Venice is know for its beach, the glorious stretch of pristine white sands, the warm sunshine and the palm trees making for the perfect postcard. You need not step onto the beach in order to experience the vibrant culture of Venice, just walk along the bustling boardwalk and you will see the local scene unfold before you. Watch the street performers mesmerize spectators with their talents, buy something very unique from any of the shops that line the Boardwalk, or catch the attraction that is the Muscle Beach, where Arnold Schwarzenegger-worshipers pump iron and strive to look as big and muscular as possible.
One of the most telling symbols of Los Angeles, the Hollywood Sign is perched sky-high on Mount Lee. This popular piece of signage was originally set up in 1923 to serve as an advertising gimmick for real estate development, only to become as legendary as its abode in the years that followed the Golden Age of Hollywood. Overlooking the urbane sprawl of its namesake neighborhood, the sign glistens under the Californian sun, profoundly iconic in its stark white lettering that stands at a height of 44 feet (13.4 meters). Swathes of barricades and restricting gates prevent access to the sign, even as adventurous individuals attempt to trespass it. Part of an everlasting cultural fabric that blankets the city of Los Angeles and perhaps all of America, this historical sign has come to be one of the most tangible aspects of Hollywood's fantastical realm.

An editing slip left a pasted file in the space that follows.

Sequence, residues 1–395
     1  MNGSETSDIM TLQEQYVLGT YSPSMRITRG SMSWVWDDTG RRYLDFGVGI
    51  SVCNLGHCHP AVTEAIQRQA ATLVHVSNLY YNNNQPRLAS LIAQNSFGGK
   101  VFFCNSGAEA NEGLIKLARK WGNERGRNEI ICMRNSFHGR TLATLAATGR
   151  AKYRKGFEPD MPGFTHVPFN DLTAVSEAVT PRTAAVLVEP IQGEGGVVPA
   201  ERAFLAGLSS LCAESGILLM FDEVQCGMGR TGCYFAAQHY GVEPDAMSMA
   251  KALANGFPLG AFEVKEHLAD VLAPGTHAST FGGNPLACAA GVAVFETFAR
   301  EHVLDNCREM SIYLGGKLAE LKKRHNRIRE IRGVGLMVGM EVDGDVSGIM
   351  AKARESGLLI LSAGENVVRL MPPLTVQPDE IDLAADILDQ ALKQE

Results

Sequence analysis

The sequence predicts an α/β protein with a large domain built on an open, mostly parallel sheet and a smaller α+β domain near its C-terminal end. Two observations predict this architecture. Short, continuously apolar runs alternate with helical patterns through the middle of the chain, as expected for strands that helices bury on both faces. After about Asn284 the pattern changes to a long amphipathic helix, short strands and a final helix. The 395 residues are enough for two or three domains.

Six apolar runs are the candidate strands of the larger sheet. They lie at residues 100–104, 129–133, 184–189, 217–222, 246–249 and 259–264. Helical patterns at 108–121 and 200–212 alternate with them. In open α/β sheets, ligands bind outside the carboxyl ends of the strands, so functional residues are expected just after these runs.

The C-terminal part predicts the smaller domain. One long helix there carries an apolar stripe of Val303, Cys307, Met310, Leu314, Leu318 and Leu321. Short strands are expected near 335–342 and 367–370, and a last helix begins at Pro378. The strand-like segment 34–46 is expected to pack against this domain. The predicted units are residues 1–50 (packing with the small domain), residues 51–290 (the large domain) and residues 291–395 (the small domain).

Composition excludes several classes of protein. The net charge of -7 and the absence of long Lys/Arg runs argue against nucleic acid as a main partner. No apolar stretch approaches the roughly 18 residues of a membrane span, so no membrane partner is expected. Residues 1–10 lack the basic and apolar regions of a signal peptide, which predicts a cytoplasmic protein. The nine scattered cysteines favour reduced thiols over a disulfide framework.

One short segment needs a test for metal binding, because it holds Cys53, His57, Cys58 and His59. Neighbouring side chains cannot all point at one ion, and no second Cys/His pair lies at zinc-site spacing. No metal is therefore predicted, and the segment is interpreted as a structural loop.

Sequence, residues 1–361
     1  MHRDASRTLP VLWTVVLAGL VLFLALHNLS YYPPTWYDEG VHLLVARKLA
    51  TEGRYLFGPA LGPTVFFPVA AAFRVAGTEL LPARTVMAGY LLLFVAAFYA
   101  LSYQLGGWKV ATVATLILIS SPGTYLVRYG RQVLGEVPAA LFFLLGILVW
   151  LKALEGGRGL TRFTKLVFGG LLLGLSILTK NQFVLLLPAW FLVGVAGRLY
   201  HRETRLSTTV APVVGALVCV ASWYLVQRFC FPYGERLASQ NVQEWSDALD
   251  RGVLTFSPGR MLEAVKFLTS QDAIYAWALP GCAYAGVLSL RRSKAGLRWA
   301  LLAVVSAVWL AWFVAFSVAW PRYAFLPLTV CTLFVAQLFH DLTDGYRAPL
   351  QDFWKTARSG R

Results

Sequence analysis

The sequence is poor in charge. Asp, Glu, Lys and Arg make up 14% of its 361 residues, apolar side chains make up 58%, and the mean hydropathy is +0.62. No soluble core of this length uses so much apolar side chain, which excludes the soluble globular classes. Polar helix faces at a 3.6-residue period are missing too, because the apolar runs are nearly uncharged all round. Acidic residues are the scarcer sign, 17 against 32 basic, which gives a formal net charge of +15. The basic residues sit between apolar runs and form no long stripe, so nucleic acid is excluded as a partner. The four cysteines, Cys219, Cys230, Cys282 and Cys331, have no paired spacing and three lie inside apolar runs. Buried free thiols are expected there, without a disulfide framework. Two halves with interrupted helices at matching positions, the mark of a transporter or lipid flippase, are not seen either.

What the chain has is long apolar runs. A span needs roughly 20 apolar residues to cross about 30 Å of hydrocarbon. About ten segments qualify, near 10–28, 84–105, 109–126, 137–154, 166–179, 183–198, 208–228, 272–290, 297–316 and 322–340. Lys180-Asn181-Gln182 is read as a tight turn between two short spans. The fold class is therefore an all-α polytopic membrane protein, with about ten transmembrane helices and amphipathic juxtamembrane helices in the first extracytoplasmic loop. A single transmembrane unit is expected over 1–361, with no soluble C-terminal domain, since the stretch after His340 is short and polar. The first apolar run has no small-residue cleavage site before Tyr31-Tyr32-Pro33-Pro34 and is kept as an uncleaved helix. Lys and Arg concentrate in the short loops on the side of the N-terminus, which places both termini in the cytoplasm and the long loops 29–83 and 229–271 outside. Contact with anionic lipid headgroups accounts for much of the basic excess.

Mission San Gabriel Arcángel is steeped in history that dates back to when it was founded in 1771. Visitors can tour this well-preserved Roman Catholic Mission grounds and visit its museum. View the tall buttresses and walls then check out the campanile that holds six bells that were crafted between 1795 and the 1830s. The beautiful altar was made in Mexico City in the 1790s and some of the wooden statues were carved in Spain in the 1700s. The mission museum exhibits relics, books and religious artifacts.